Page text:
Sensuka, to be sure, is a place of endless fascination and delight, but it can also be a heartless place. When one enters Sensuka Harbour and first looks out upon the colonnaded wharves and polychrome marble facades rising from the emerald waters, and behind them the glorious tangle of domes, towers, palaces and gardens, spreading out every which way as far as the eye can see, the effect can be intoxicating. The city’s iconic skyline seems gilded with the promise of extravagant pleasures: pastel boxes being wrapped with ribbon in the luxury boutiques, seductive glances across the glittering theatre foyers, bowing waiters in the famous restaurants, twinkling fountains in the innermost courtyards, rooftop parties with the bright young things sourced from all four corners of the empire. In truth, however, these pleasures are reserved only for a privileged few. The dazzling dream of the place makes one liable to forget that, somewhere beneath that endless sea of rooftops, an evicted family is having its belongings tossed out onto the street, that in an airless room, ragged children stand hunched alongside one another over a silk spinning machine, that in a basement of the Imperial Palace, a knife is being sharpened against a whetstone before the terrified eyes of a man about to be “processed” into a eunuch for service at the emperor’s court. There is a definite undercurrent of cruelty that runs through the city, the natural consequence, perhaps, of its position at the confluence of so many forms of exploitation.
Few projects, for instance, could have been more maliciously conceived than the Tizabu Prison, which takes its name from the district in which it is located, in the northwest corner of the city. The prison building consists of an immense stone block, seven storeys high, very long and not very wide. The ground floor is reserved for administrative functions, and its windows give off onto a walled courtyard. The other floors are entirely occupied by jail cells, laid out in such a way as to give each one a view of the adjacent Tizabu Park through a small, barred window.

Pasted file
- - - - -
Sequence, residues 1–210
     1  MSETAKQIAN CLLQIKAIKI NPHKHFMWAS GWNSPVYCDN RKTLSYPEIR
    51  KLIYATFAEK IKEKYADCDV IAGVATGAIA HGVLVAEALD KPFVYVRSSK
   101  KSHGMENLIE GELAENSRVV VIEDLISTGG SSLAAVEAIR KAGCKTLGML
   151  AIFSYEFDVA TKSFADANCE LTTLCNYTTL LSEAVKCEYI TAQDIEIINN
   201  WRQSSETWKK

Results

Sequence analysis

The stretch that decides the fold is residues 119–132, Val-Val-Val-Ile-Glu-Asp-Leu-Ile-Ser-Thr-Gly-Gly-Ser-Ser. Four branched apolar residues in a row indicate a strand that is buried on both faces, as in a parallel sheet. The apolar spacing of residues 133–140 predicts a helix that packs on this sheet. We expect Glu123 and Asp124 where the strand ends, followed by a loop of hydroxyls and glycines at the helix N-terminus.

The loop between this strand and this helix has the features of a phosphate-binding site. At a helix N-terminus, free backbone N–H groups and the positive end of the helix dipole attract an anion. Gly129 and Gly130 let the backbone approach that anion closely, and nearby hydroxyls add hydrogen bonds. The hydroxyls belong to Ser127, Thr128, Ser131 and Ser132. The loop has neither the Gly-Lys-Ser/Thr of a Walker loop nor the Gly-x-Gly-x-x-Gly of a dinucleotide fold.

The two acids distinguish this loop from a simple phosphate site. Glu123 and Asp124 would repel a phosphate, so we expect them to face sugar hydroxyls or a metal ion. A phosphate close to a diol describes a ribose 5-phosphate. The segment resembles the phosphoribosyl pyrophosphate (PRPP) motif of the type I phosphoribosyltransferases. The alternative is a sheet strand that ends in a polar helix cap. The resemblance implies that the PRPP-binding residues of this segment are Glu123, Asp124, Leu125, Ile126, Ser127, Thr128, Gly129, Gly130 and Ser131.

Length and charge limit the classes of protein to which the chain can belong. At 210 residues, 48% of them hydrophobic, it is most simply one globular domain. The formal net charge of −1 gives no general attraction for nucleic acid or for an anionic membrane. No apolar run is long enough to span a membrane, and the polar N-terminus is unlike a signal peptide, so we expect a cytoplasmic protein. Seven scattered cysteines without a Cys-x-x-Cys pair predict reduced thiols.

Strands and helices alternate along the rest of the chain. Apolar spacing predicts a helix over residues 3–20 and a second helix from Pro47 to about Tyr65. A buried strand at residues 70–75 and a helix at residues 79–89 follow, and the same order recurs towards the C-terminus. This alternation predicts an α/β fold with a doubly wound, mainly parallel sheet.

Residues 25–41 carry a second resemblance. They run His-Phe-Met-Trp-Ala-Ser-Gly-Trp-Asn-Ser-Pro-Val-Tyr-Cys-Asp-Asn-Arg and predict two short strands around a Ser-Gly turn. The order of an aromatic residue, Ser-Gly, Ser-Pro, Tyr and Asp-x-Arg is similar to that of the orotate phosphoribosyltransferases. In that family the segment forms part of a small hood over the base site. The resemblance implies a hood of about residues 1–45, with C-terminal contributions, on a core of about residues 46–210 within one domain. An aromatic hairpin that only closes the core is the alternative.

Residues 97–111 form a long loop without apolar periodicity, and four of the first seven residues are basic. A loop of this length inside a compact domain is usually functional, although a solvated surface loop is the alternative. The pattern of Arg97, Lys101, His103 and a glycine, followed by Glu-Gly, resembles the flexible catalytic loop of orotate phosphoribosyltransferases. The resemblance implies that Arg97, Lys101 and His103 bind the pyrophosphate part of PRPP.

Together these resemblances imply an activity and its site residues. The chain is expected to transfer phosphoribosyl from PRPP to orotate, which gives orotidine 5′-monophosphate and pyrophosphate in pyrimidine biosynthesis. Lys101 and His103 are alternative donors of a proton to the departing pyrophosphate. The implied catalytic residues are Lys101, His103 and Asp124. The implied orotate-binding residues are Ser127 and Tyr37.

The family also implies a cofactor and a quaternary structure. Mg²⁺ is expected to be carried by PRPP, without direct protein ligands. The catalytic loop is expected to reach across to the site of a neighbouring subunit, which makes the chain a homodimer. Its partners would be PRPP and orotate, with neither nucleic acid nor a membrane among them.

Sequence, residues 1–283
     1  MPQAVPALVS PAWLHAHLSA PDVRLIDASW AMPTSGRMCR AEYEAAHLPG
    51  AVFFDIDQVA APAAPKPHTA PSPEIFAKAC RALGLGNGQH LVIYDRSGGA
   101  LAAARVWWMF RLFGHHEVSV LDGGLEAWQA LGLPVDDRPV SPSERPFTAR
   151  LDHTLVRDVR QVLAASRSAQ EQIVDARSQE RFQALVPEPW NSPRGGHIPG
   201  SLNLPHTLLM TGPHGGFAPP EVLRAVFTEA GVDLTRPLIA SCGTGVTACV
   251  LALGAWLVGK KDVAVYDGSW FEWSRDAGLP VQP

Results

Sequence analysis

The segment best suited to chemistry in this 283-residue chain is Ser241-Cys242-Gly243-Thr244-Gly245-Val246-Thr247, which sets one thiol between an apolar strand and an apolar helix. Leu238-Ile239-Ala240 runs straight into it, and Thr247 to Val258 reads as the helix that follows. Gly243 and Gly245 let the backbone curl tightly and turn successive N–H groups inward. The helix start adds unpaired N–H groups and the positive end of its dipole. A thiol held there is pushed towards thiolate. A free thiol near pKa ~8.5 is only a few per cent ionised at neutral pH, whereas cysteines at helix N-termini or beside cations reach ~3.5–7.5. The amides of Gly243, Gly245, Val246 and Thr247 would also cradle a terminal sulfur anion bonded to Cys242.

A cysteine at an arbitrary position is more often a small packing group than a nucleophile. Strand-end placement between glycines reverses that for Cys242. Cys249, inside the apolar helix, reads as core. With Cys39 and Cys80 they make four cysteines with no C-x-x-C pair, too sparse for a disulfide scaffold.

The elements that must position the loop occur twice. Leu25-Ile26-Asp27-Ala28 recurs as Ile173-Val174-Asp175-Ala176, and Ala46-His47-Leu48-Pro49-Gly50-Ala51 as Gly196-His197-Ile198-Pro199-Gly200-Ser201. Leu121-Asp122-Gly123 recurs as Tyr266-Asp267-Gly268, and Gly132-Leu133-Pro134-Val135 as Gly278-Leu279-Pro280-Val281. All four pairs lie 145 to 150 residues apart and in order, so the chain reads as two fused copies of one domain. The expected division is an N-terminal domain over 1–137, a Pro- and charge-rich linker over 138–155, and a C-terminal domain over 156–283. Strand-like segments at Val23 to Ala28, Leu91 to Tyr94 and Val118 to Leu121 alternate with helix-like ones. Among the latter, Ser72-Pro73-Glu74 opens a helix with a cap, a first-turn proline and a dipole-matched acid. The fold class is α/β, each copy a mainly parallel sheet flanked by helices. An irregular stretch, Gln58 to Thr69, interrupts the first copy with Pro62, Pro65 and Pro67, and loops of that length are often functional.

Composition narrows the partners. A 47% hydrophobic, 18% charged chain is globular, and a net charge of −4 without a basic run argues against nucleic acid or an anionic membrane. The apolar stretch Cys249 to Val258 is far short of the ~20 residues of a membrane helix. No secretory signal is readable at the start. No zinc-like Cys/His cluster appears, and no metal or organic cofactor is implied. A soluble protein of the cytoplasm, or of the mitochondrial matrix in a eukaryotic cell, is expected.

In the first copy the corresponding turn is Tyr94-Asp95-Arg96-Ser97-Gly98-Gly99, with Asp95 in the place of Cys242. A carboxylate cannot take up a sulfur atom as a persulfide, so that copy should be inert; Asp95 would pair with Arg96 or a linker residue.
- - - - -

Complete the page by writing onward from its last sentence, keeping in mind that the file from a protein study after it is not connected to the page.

This public park, which was laid out alongside the prison as part of the same project, is a magnificent recreational green space, featuring two kani fields, dimba courts, an outdoor gymnasium, tanning chairs, and an assortment of little romantic gazebos. These are all much-appreciated amenities in this rather underprivileged area of the city, and the park always attracts large crowds. On most evenings, save during the cold winter months, there is live music from the bandstand, and people congregate to dance or to have a drink at one of the outdoor “wine gardens,” which are permitted to remain open into the wee hours of the morning. Throughout the summer, there is a seemingly never-ending succession of festivals, which draw in visitors from all over the city and beyond. All of these events are financed by the municipal government, with what it views as the doubly beneficent aim of providing entertainment for its citizens and of delivering just punishment to the prison inmates. For indeed, the suffering endured by these prisoners, alone forever in their tiny cells and confronted at almost all hours of the day and night with the terrible reality of other people’s happiness, can scarcely be imagined. It is true that they can choose not to look out their window, but they cannot choose not to hear the sounds of music and of laughter. And once these are heard, not looking generally only makes things worse. One pictures the freest, most joyous dancing imaginable, and the flash of white teeth between the lips of the prettiest girl, directed at a man she is just beginning to fall in love with.
In this print, the artist presents us with a view of Tizabu Prison from across the park. It is raining heavily, and the park appears empty, save for a few people who have taken refuge under the bandstand. If the rain keeps up, the evening’s concert (advertised on the sandwich board) will have to be cancelled. The inmates will thus be given a brief reprieve—a few silent, gloomy hours in which the world around them will seem to be in sympathetic harmony with how they are feeling inside.
For many Sensukans, the act of having a good time in Tizabu Park before the unseen eyes of the inmates is regarded almost as a civic duty, a way of taking part in the righteous carrying out of justice. By choosing to depict the prison on a rainy day, however, the artist may have intended to express some measure of compassion for the thwarted souls behind each of those narrow windows.